Just a snippet from the same article:
An Emergent definition of relevance, modulated by resistance, might run something like this: relevance means listening before speaking; relevance means interpreting the culture to itself by noting the ways in which certain cultural productions gesture toward a transcendent grace and beauty; relevance means being ready to give an account for the hope that we have and being in places where someone might actually ask; relevance means believing that we might learn something from those who are most unlike us; relevance means not so much translating the church’s language to the culture as translating the culture’s language back to the church; relevance means making theological sense of the depth that people discover in the oddest places of ordinary living and then using that experience to draw them to the source of that depth (Augustine seems to imply such a move in his reflections on beauty and transience in his Confessions). Relevance might simply mean wanting to understand why so many young people have said that attending U2’s Elevation Tour and hearing Bono close the show with choruses of “Hallelujah” was like being in worship (but a whole lot better).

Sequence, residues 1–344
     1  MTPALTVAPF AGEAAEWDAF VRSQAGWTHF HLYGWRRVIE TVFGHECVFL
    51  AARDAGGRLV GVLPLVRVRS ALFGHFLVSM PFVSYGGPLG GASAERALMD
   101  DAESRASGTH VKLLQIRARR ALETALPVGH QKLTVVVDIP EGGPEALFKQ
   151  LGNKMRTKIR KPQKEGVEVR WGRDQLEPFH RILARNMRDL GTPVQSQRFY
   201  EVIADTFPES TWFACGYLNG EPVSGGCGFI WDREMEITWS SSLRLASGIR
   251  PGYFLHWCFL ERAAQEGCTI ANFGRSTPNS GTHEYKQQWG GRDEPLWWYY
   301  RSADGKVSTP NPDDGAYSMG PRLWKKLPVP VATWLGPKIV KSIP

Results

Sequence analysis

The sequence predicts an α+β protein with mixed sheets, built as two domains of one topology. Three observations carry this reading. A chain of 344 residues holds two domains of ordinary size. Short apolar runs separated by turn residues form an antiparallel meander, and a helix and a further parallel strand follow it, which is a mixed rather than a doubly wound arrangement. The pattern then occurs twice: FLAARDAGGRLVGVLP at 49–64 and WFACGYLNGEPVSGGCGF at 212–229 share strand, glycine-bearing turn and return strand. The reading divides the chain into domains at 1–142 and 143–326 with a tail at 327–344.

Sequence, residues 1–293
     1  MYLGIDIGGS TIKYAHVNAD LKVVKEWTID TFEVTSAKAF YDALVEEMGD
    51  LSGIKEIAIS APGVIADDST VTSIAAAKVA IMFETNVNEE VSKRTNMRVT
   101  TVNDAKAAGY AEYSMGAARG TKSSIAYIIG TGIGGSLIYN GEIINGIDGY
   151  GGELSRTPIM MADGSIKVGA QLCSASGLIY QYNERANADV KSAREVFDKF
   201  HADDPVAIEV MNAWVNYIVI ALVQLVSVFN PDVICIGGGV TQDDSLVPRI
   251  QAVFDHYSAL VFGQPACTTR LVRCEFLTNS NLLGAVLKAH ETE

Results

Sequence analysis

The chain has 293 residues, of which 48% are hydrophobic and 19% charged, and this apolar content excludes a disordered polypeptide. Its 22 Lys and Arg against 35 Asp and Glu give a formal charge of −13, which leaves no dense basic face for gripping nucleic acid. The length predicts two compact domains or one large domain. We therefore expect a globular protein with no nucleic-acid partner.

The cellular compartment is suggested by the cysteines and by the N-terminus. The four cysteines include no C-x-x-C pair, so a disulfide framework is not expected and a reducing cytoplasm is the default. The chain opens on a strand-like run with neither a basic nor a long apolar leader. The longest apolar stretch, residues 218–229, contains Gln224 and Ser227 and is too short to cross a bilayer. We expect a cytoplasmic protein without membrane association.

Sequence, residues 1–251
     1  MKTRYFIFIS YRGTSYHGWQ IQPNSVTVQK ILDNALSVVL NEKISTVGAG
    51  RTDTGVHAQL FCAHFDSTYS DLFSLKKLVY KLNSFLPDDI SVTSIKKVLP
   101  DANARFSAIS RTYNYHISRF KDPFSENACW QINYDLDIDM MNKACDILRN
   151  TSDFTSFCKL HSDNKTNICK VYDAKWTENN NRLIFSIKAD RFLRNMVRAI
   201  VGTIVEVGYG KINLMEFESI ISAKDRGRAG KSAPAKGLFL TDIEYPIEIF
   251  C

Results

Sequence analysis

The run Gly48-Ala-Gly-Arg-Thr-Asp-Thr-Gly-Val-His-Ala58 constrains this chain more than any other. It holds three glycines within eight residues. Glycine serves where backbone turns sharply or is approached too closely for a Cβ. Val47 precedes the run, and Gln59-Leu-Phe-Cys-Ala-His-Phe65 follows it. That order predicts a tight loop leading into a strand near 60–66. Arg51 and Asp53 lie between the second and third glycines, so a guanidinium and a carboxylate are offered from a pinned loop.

This kind of relevance will also include the recognition that the church becomes relevant precisely by offering something that the culture does not. In a loud and frenzied world, that may mean creating a space where people can bask in silence and rest in liturgical rhythms. In a world of superficial entertainment, it may mean throwing parties that nurture deep and authentic community. In these ways relevance and resistance begin to look more like dance partners and less like competing suitors for the church’s soul.
So often the church is renewed “from the edges, not the center,” as Rowan Williams has pointed out. As we attend to what is emerging at the edges of the American scene, we would do well to keep that lesson in mind and to heed Williams’s further advice: “Be grateful for new things happening, even if they are not easily digestible.”